As baseball's COVID-19 testing increases, Cubs still have clean bill of health

  • Chicago Cubs manager David Ross walks on the field during baseball practice at Wrigley Field on Friday, July 3, 2020 in Chicago.

    Chicago Cubs manager David Ross walks on the field during baseball practice at Wrigley Field on Friday, July 3, 2020 in Chicago. Associated Press

Updated 7/7/2020 8:47 PM

The Cubs postponed their workout and intrasquad scrimmage at Wrigley Field on Tuesday because there was a delay in getting results of the coronavirus tests from Sunday.

Once again, there were no positive tests. The Cubs have been the exception during this time of sports resumption, but general manager Jed Hoyer was hesitant to take credit.


"There has to be a certain amount of luck involved in that, let's be honest," Hoyer said in a Zoom call with reporters. "We're not immune from that. We're going to face our challenges with that at some point. I think that's inevitable."

Hoyer provided an update on the concerns expressed by Kris Bryant that Major League Baseball promised testing every other day, but that hadn't happened during the first week of summer camp.

Hoyer talked about a gap between initial testing and the regular routine. He said all players and coaches were tested again Tuesday.

"I think now that we're going to get into this every-other-day routine, I think things are going to smooth out really well," Hoyer said. "It doesn't mean we're out of the woods. I think that transition was the challenge."

Hoyer also responded to Bryant's wish of not getting shipped out in a trade during this pandemic. He said management will tread carefully during the next few months, but transactions are inevitable.

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"We're still charged with putting the best team on the field and I feel like we're going to have to make some player transactions, right?" Hoyer said. "That is going to be something that is going to be challenging and difficult for us. We also, even just the way the rosters are set up, you go from 30 to 28 to 26 (players) During that process, you're going to have to option players out or send players to different places.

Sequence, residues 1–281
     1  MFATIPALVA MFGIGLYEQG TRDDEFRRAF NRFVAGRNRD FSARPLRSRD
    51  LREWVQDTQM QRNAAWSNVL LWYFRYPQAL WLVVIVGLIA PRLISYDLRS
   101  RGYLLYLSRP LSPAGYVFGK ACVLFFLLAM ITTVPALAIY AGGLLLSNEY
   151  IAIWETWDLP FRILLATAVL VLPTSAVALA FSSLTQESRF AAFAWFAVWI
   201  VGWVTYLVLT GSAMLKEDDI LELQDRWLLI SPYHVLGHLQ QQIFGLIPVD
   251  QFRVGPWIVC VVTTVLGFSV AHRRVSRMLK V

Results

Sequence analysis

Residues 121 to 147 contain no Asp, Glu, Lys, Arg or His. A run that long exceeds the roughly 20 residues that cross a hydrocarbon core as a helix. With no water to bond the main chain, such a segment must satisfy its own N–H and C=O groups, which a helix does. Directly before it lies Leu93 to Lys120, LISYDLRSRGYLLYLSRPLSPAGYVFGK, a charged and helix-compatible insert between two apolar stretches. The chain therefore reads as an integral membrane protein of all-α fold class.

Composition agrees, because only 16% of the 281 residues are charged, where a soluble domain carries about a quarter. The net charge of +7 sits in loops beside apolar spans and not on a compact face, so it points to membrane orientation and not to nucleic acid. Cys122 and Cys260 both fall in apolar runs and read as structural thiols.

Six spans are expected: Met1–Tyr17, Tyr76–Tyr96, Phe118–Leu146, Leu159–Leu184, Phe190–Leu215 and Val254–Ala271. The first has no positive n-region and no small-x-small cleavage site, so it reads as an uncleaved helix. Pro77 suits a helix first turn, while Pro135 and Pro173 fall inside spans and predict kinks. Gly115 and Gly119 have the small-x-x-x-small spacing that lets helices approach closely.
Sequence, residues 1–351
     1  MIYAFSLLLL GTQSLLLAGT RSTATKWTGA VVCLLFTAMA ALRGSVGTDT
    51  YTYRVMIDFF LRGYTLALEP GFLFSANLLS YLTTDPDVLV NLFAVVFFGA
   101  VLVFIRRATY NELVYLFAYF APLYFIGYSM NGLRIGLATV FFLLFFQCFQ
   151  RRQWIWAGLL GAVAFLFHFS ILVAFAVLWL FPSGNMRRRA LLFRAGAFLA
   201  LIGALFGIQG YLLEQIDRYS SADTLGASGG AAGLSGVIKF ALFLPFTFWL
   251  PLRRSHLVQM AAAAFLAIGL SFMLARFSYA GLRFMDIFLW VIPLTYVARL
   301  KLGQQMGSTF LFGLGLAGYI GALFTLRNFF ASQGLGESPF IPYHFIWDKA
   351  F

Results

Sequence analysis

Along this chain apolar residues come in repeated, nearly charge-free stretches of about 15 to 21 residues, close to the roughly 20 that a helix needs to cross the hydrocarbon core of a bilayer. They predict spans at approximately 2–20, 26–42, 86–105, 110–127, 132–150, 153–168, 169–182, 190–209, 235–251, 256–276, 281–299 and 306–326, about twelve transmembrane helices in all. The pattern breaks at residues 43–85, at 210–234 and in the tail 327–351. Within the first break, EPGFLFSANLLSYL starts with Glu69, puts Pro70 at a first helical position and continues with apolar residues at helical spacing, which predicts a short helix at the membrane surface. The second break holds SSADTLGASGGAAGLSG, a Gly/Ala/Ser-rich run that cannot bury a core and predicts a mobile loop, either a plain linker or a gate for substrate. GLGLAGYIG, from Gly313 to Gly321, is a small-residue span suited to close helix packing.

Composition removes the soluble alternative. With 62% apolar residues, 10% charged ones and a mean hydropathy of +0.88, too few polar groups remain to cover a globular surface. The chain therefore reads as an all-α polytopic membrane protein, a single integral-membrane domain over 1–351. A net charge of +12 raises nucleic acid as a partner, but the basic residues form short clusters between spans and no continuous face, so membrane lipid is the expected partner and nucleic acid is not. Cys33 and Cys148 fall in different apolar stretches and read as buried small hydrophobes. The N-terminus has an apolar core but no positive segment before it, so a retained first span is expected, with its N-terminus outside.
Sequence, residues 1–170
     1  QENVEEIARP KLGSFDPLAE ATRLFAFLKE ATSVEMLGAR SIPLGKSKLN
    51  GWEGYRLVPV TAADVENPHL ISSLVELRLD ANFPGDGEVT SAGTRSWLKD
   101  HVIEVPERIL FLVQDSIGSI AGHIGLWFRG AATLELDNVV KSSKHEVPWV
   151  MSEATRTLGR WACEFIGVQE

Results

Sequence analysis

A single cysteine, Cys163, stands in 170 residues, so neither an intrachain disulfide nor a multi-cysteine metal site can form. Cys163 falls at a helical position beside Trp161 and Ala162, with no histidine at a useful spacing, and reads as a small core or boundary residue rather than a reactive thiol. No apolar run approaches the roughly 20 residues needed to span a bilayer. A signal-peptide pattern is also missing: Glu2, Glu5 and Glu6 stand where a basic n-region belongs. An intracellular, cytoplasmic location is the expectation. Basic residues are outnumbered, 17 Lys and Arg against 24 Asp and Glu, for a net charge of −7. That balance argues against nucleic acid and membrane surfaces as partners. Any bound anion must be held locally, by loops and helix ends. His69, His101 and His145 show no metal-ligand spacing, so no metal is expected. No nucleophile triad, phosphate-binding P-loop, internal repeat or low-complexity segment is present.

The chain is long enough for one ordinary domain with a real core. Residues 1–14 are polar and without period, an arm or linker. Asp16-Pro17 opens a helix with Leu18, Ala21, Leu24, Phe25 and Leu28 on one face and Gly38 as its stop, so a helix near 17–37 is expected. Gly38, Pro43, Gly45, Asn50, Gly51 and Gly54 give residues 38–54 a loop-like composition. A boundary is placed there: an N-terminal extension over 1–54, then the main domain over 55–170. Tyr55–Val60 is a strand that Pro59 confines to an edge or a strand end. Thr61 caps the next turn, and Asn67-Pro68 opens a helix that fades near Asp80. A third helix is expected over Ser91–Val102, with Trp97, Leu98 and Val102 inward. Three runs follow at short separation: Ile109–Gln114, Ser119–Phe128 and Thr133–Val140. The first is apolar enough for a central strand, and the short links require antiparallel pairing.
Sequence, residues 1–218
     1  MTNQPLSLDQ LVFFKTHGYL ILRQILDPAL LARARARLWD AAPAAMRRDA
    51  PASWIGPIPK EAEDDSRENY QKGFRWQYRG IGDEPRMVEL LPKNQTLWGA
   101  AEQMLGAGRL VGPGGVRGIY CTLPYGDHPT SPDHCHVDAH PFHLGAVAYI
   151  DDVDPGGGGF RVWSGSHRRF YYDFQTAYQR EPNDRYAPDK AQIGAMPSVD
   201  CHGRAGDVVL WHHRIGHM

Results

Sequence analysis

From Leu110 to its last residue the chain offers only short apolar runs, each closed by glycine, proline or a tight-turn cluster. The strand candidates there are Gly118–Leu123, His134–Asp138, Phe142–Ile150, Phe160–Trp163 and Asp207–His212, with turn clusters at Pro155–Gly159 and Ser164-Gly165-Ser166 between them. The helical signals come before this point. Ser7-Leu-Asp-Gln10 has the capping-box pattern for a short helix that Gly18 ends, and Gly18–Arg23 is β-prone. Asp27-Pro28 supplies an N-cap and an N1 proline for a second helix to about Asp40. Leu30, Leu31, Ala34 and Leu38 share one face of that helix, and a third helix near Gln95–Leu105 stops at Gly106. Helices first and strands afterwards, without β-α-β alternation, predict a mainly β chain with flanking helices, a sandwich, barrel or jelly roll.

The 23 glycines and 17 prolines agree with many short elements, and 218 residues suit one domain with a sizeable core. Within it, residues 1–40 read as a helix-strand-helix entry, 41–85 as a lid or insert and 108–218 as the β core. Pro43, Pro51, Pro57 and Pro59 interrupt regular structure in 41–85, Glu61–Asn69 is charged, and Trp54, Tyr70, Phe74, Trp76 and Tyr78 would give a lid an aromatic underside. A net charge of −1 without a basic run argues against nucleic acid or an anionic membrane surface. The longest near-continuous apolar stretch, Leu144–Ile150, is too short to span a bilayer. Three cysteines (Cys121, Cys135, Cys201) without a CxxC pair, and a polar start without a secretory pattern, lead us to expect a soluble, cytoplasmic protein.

"There's no question that's an uncomfortable thing to think about from our perspective and obviously Kris is voicing that it's uncomfortable from a player perspective. That's something we're going to have to talk through."

The Cubs experimented with fake crowd noise during Tuesday's intrasquad scrimmage.

The scrimmage featured the summer's first home run, a 2-run shot by Willson Contreras off Craig Kimbrel. Javy Baez doubled for the third-straight scrimmage. This one lasted just 2 ½ innings and featured five relief pitchers.

Hoyer also talked about first-year manager David Ross' ability to keep things light and fun during these unusual times.

"I think whenever you feel restricted by new rules and confined by things, you're less likely to have a great time and enjoy yourself," Hoyer said. "With all those things going on -- wet rag in your pocket, don't spit, don't high-five, don't do this, don't do that. If you start to think about all those things, then you start to play baseball in this inhibited fashion and you can't do that.


"That's something Rossy and I have talked about a lot. We've got to have fun and we have to keep it light and it has to feel like a game."

Ross had a good laugh when he spoke to reporters earlier in the day and was asked if he's glad to see the designated hitter come to the National League this season.

"I'm glad. I told Jonny (Lester), the only drawback to the DH for me is I didn't get to pull him off the on-deck circle and tell him he was done for the day," Ross said. "He told me, 'What are you talking about, I'm one of your top five hitters off the bench.'"

Of course, Ross won a couple World Series by serving as Lester's preferred catcher.

"I think the DH makes us better," Ross said. "I think we've got some guys we can match up for that. It makes my job easier for sure."

Twitter: @McGrawDHBulls


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